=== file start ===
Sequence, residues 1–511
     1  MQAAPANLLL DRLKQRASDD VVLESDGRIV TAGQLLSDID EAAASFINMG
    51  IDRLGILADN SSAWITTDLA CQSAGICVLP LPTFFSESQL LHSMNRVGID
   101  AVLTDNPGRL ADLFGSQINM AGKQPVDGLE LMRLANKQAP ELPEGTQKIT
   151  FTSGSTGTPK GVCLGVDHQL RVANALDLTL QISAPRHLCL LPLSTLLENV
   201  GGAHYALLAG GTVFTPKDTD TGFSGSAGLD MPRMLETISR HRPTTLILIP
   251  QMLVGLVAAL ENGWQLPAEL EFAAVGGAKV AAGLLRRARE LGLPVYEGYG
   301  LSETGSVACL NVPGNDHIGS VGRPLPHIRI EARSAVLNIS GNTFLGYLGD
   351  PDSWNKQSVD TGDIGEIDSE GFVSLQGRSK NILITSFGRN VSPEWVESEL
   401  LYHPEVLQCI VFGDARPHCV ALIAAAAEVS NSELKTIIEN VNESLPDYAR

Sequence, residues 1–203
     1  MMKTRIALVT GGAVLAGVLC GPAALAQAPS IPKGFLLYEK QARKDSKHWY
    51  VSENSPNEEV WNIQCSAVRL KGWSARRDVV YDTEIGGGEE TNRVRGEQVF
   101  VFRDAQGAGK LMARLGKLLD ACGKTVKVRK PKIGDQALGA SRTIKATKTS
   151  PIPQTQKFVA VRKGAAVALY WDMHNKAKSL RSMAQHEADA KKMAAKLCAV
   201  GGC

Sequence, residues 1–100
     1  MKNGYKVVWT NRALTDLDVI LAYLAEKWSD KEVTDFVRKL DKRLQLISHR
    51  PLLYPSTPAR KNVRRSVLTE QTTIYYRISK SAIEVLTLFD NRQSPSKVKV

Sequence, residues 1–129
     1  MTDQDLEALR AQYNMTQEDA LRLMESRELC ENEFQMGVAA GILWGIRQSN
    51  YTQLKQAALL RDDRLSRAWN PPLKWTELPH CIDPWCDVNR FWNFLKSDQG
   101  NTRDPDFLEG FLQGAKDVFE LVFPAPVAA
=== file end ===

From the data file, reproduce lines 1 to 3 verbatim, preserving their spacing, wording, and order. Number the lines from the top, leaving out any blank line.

Sequence, residues 1–511
     1  MQAAPANLLL DRLKQRASDD VVLESDGRIV TAGQLLSDID EAAASFINMG
    51  IDRLGILADN SSAWITTDLA CQSAGICVLP LPTFFSESQL LHSMNRVGID